One day, no one else around to play with, I went into my friend’s back yard to play in their sandbox. His mother came out and told me to get lost. “Don’t you understand that this is my yard, not yours?”

I think I was only four years old at the time. And my answer was, “It’s Jesus’ yard!”

What made me say that? I don’t know. All I do know is that Jesus Christ was as real to me as this neighbor. His picture hung in my house, as it did in the homes of all my family members. We sang “Jesus Loves Me” in Sunday nursery school. We said our prayers at night. And special prayers for special needs, like when you were scared of something.

I wasn’t propounding a theological argument. Of course it was Jesus’ yard. They were all Jesus’ yards. I was merely stating a fact. I wish I could remember how Mrs. G reacted to it. I don’t think she yelled at me.

Sometimes children are wiser than they ever know.

Memory Lane: ‘Jambalaya’

I remember my father whistling this, and sometimes singing it, while he cut our hair.

Hank Williams scored a hit with Jambalaya in 1952, and it must have remained popular throughout the Fifties or I wouldn’t have remembered it. Every now and then someone else would record it: the Carpenters spring to mind.

Singing about “big fun on the bayou”–I wonder what would happen if anybody came out with a song like that today? Would we suddenly remember that “blameless” and “wholesome” are good things, after all? Or would the wokies shut it down because it’s cis-intersectional or something?

I am so glad I grew up then, and not now.

Memory Lane: My Mother and the Lizards

A green iguana eats lunch at the Tropiquarium of Servion on November...  News Photo - Getty Images

(Note: I watched Mr. Bean this afternoon and am all the better for it.)

I don’t know why, but today I got to reminiscing how my mother fell under the spell of my lizards. Not that she would ever touch one! Heavens no. You would’ve heard the scream…

But that didn’t stop her from walking up and down our florabunda rose hedge with a jar in her hand, catching bugs for my anoles (which they greatly appreciated). And when it came to feeding my iguana, she took pains to prepare really nice salads for him. The lizard in the picture looks a lot like mine, and that lovely salad looks just like the ones she used to make. “Just like Mama used to make” probably doesn’t conjure up visions of happy iguanas chowing down; but to me it does.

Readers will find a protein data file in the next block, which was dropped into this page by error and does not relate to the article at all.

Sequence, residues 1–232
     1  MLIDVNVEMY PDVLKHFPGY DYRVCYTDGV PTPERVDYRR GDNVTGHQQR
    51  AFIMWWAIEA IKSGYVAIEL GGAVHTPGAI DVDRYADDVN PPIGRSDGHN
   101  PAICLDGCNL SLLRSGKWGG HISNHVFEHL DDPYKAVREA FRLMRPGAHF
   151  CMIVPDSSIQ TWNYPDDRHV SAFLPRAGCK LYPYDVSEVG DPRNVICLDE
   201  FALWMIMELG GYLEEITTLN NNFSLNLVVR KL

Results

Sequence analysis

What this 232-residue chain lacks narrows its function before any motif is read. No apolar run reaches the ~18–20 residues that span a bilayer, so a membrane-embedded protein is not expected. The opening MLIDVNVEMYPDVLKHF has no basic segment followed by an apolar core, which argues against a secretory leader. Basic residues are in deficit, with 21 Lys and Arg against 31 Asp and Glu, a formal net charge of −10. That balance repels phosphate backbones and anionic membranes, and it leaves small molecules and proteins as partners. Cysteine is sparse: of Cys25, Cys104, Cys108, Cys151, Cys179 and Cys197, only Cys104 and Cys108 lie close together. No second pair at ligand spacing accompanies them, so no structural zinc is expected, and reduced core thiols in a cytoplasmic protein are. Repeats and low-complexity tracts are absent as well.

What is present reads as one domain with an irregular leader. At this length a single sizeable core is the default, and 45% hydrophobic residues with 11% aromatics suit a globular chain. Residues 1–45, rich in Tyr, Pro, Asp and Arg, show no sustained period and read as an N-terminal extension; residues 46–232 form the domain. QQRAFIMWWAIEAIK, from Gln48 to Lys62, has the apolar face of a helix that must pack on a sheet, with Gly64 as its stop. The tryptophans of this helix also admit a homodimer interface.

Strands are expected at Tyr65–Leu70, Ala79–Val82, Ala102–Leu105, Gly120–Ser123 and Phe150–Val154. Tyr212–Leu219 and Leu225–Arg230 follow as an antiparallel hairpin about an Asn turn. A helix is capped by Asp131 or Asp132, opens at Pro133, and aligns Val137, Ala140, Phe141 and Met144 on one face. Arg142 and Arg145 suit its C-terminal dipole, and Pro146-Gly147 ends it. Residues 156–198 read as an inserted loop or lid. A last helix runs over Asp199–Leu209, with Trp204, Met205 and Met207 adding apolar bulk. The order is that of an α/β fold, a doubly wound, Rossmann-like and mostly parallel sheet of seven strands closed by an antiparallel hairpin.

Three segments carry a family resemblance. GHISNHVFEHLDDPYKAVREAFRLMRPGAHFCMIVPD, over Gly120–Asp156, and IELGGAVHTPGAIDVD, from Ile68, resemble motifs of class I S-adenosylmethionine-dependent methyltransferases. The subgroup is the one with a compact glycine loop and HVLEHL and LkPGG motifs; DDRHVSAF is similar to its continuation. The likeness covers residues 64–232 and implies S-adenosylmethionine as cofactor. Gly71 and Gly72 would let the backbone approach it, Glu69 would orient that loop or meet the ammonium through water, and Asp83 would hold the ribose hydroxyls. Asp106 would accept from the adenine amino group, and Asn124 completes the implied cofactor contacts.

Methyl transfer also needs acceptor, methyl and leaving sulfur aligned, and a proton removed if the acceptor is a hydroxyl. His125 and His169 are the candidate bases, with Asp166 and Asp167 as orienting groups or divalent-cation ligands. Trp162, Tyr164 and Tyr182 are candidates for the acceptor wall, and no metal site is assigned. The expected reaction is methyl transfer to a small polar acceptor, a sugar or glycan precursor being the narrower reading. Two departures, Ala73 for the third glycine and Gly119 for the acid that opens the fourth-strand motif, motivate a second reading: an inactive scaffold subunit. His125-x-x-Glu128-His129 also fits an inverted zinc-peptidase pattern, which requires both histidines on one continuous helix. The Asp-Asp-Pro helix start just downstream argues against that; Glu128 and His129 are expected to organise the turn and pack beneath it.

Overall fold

Oh, Ma, you were good to my little pets. You would’ve loved those baby fence lizards that we hatched from eggs (with helpful advice from the Staten Island Zoo). Not enough to handle them–but that didn’t really matter, did it?

And no, she didn’t care at all for the thousand tiny praying mantises we hatched out of what we thought was a butterfly cocoon.

Saving Praying Mantises | The Meadowlands Nature Blog

A bridge too far

Memory Lane: Sewing Machines

Sewing machine clipart Images, Stock Photos & Vectors | Shutterstock

When I was a boy, I didn’t know a household that didn’t have a sewing machine, nor did I know anybody’s mother who didn’t sew.

I remember sitting on Grandma’s lap as she tried to teach me how to sew. I’m afraid I never quite caught on, but it was fascinating to watch. I especially liked all the nice sock puppets she made for me and my siblings and my cousins.

What happened to all those sewing machines? Do people still have them? I don’t think my mother kept her sewing machine after she’d moved several times.

It was a nice, cozy sound, though, that humming of the sewing machine. I wish I’d been able to learn how to use one.

Memory Lane: Aunt Betty and the Mammoth

261 Woolly Mammoth Stock Photos, Pictures & Royalty-Free Images - iStock

Aunt Betty, the eldest of my mother’s five sisters, was a nun. She lived and worked in some exotic place called “Pennsylvania,” and every now and then came up for a visit. As a very young child, I found her old-fashioned  black habit… well, it used to scare me.

But Betty was determined to win me over, and that she did. I don’t know where this notion came from, but I believed “Pennsylvania” still had mammoths and that my aunt could somehow get one for me. And she made the mistake of saying she’d see what she could do.

Naturally I expected her to come up with a real, live mammoth all my own. I pestered Grandma about it. And one day Aunt Betty showed up with a mammoth–just for me.

I was disappointed. It was just a little mammoth shape cut from someone’s old fur coat. But what I wouldn’t give to have it now! And once I understood that this little cut-out was the best that she could do, I became very attached to her.

What a mind she had! She knew all the classics, in English and in Latin, and had a gift for talking to you as if you were all grown up already. We grew closer as the years went by. I could listen to her for hours. But she has since gone to her reward, and our next family dinner will be laid out for us in Christ’s Kingdom.

I wonder if she’ll like my books.